A relatively young and lively capital, Lusaka took over the mantle of Zambia’s principle city from the former seat of power, Livingstone, back in 1935 – when the country was once part of the British colony known as Northern Rhodesia.
Chosen because of its well-connected location in the southern part of the central plateau, and for its relatively (for central Africa) cool climate, Lusaka sits at an altitude of 1,300m and has grown to become the country’s largest city – a sprawling, rather chaotic metropolis covering 70 square kilometres and home to some 2 million people, one-tenth of the nation’s population. The University of Zambia is also located in the city.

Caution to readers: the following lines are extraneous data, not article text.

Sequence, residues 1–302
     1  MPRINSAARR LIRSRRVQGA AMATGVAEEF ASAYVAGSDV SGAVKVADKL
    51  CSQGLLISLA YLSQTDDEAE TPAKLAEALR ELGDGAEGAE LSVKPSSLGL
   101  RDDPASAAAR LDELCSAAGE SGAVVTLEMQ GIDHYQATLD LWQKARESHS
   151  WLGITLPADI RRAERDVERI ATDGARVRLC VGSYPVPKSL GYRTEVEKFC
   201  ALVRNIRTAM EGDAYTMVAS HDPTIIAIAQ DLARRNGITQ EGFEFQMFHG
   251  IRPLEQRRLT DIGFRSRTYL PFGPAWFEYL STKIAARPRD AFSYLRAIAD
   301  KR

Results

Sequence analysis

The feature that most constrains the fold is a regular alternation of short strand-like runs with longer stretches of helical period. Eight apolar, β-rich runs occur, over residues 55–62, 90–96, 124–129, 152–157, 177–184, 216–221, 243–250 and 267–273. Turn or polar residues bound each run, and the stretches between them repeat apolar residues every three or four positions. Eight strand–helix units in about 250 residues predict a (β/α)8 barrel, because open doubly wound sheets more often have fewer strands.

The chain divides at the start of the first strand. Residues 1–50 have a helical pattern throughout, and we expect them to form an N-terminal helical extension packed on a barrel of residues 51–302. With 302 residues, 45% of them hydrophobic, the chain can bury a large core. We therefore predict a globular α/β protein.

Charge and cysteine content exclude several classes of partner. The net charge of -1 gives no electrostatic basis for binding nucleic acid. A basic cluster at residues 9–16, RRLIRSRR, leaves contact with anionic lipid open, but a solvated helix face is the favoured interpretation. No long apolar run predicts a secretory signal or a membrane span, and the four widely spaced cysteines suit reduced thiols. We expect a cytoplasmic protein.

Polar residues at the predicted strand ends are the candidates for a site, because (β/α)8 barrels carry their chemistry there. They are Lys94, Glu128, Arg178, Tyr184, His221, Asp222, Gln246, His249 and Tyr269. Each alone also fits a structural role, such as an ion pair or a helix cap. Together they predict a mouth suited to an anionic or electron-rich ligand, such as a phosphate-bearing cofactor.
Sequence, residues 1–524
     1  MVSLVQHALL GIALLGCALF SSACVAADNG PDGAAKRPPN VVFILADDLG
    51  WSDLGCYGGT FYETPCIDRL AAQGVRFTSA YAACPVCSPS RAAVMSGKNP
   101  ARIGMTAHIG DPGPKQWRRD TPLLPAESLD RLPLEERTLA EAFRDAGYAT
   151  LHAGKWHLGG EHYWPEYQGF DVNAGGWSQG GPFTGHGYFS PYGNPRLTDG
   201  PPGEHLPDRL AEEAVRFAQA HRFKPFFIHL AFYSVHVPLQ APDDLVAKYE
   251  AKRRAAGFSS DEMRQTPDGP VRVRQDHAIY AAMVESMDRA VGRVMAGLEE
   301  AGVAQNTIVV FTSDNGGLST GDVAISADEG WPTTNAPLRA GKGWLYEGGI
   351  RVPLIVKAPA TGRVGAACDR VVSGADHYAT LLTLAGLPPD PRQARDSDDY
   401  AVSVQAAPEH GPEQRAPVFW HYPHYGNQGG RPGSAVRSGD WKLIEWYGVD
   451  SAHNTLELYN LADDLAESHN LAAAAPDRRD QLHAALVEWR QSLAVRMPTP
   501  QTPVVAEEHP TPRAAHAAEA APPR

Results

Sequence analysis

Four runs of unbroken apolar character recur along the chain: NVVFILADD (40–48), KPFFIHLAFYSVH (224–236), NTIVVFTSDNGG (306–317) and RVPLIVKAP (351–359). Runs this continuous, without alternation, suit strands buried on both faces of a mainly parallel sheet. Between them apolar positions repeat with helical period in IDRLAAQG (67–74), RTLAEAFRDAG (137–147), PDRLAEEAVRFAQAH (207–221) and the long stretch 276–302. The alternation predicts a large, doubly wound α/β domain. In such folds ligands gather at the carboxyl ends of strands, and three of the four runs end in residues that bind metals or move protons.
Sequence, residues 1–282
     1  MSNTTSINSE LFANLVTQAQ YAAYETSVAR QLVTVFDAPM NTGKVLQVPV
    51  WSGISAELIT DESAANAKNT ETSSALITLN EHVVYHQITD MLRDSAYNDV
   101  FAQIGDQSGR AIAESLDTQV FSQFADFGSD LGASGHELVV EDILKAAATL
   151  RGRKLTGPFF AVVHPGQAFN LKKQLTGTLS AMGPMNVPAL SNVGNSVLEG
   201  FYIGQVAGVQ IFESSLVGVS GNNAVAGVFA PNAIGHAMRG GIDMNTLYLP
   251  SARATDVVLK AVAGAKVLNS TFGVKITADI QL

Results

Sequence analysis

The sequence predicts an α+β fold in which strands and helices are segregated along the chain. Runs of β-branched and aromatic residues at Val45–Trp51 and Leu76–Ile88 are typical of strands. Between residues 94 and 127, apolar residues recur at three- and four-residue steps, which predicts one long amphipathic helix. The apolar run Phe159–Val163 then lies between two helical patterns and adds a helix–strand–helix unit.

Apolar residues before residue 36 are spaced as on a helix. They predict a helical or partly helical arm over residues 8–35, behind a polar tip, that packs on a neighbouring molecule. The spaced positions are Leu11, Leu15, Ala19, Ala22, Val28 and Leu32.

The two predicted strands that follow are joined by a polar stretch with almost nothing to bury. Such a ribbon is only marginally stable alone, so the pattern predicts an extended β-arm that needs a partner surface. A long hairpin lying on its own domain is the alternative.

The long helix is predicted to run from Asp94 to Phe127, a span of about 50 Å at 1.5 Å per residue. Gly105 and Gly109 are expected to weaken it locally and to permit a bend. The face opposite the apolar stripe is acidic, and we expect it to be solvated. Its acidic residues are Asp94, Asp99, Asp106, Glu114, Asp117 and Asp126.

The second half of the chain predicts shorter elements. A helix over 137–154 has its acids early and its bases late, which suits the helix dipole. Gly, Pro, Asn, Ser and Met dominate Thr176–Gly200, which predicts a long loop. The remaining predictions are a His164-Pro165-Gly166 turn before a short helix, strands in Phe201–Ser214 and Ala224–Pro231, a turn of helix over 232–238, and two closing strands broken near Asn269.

While Zambia is well-known for its spectacular natural wonders, traffic-choked Lusaka is not high on the list of must-see attractions. That said, it is undeniably cosmopolitan, a city with a strong and palpable heartbeat, and for the open-minded traveller it’s worth exploring – with your wits about you – especially if keen to get a little further under the country’s skin.
While there are good, if rather soulless international hotels here, decent restaurants and an interesting national museum, this is not a destination with obvious cultural treasures. So, perhaps the best mindset for enjoying Lusaka is to just people watch and take pleasure in meeting the locals – be it at one of the hectic local markets, at the more leisurely botanical gardens, riding a minibus, joining the fans at a football match or simply sharing your travellers’ tales over a Rhino beer in one of Lusaka’s many local bars.